please explain the "pay or quit" notice vs. eviction for non payment of rent. are these the same thing? when someone decides not to pay, does the "pay or quit" result in a quicker procedure to remove a tenant?

In our state, the "Pay Rent or Quit" notice is a legal notice that can result in either the tenant quickly paying the rent or quickly vacating the property. It is also the first step in the legal eviction process. If the tenant doesn't respond to this notice, then you either proceed with  the eviction process or don't. If you don't, the tenant knows you lack follow-through. If you do proceed, it will cost you more time and money.  We try to use other means to bring tenants into compliance with the terms of the rental agreement before resorting to legal notices. We find it makes for a better landlord-tenant relationship in the long run.

Marcia Maynard, Fischer Properties | Podcast Guest on Show #83

@John Thedford   - Firm and consistent has always been the best policy with my tenants. Set the expectations and don't waiver. 

That said, Account Closed 's rule #6 is also one of my policies. 

This is a great example for any current or future landlords and/or property manager.

Originally posted by @Seth Sherman:

please explain the "pay or quit" notice vs. eviction for non payment of rent. are these the same thing? when someone decides not to pay, does the "pay or quit" result in a quicker procedure to remove a tenant?

 Luckily this isn't something we have to do. Some states require you to post a "pay or quit" notice before you can start court proceedings. Lucky for us we can just file non-payment of rent immediately.

@John Thedford  I am totally with @Marcia Maynard  and Account Closed on the best course of action here.  NEVER give the money back when you are collecting from someone.

I would recommend a collection course if you find any in your area.  That's where I learned a long time ago, never give any partial payment back.  Even if they try to be slick and write "payment in full" on their check or money order.  All it takes to counter that is three words "endorsed under protest" when you endorse the check/money order.  That's what works in LA.  Seek out and take a collection course - you need to know the legal answer to these type questions for the state you do business in.

I'm all for training tenants by immediately enforcing rules I have on the lease or rental agreement; a "maintenance notification" clause, a "how funds are applied" clause, etc. are all good clauses to have in the contract. In my state I can just serve a notice for the unpaid portion of the rent. Your second post is more troubling to me as these tenants may not be a fit for your property, another way to "train" tenants might be to send a 30 day notice increasing the rent.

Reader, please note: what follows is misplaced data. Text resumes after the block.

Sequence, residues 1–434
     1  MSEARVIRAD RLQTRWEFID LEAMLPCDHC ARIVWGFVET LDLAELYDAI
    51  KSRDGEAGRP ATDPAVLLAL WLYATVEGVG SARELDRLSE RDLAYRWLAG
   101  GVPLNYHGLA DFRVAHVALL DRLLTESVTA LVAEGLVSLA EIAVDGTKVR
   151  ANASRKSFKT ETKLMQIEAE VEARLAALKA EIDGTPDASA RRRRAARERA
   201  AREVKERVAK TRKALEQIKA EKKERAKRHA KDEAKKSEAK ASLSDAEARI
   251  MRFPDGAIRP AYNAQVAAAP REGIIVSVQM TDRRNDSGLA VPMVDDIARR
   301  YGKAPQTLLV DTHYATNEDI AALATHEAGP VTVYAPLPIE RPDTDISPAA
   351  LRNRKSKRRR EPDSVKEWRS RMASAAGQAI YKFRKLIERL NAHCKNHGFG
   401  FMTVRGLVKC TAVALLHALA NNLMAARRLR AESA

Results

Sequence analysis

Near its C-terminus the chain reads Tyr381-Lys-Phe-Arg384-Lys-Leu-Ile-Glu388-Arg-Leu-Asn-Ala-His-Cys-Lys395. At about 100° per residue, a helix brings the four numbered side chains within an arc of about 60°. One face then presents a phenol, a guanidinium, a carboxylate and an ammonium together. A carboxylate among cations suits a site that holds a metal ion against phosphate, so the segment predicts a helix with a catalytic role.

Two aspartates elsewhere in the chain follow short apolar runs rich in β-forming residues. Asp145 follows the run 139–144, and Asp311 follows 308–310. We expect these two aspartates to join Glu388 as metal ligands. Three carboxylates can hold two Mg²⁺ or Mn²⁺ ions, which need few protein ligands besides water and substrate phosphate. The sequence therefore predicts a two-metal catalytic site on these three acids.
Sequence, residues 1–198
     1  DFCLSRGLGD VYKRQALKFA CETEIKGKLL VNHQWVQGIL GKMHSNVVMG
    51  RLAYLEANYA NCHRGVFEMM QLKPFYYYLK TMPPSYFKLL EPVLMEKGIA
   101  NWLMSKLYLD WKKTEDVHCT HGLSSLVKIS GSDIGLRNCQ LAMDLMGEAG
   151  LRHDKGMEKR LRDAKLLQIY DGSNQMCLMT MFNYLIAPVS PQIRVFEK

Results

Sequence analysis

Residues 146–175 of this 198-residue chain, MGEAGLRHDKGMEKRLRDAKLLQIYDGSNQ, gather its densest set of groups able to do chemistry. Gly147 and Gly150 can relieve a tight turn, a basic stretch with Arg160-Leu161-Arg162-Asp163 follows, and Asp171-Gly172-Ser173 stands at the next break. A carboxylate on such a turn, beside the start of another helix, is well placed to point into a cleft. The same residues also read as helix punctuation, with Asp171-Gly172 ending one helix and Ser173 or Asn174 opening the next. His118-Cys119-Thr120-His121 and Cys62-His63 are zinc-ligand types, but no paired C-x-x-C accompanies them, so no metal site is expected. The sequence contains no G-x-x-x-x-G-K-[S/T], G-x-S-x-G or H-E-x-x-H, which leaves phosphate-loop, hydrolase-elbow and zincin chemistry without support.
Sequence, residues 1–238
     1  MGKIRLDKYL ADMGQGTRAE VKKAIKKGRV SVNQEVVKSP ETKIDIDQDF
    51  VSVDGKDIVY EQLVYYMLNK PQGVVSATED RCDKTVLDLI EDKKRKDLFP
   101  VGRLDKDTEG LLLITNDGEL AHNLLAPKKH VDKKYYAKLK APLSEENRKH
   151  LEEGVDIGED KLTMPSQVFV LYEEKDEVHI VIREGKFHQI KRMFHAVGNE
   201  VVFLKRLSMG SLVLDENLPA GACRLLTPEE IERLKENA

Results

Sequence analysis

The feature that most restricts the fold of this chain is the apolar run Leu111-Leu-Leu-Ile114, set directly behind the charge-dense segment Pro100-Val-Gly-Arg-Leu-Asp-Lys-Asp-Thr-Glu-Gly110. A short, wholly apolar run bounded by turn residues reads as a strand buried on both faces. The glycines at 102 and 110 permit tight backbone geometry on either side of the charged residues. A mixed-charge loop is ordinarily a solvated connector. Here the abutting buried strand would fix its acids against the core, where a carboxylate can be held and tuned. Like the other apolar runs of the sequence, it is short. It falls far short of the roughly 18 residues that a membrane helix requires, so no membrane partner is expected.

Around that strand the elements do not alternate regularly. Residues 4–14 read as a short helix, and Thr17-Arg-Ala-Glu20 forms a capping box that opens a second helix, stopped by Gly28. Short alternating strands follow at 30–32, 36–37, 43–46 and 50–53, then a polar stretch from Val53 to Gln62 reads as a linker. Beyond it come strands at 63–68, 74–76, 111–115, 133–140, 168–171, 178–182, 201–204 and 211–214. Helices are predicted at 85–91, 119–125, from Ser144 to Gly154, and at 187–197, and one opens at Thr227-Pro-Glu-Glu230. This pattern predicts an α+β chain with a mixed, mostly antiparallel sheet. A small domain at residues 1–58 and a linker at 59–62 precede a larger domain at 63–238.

I guess I'm in the minority here.  To be fair though I don't mange my own properties, I get enough practice being the bad guy at work!  Unless I want to get rid of the tenant I would have handled it differently.  I would have either discussed it with the tenant and followed up with a certified letter, or just send a certified letter explaining that it was excepted this time but will not be accepted in the future and reminding them of terms.  I do think there are times to get rid of a tenant, and if this is the case I would start raising the rent as mentioned above. 

Long ago I heard a great saying pertaining to the landlording business -

"When somebody puts money in your hand, close it."

Just browsing through recent posts and want to thank you for sharing the experience and the responders.  This validates what needs to be done in this situation and will use it for myself one day as well.

Thanks, 

don't know how to hash tag names yet, but thanks John, Marcia and Aaron

This post has been removed.

Originally posted by @Aaron Mazzrillo:

#6 Rule of Landlording - when a tenant gives you money, never give it back.

You should have a clause in your lease pertaining to partial payments and how they do not void your ability to pursue necessary action to collect the full amount due.

 Coincidentally, the Ferengi First Rule of Acquisition.

Free eBook from BiggerPockets!

Ultimate Beginner's Guide Book Cover

Join BiggerPockets and get The Ultimate Beginner's Guide to Real Estate Investing for FREE - read by more than 100,000 people - AND get exclusive real estate investing tips, tricks and techniques delivered straight to your inbox twice weekly!

  • Actionable advice for getting started,
  • Discover the 10 Most Lucrative Real Estate Niches,
  • Learn how to get started with or without money,
  • Explore Real-Life Strategies for Building Wealth,
  • And a LOT more.

Lock We hate spam just as much as you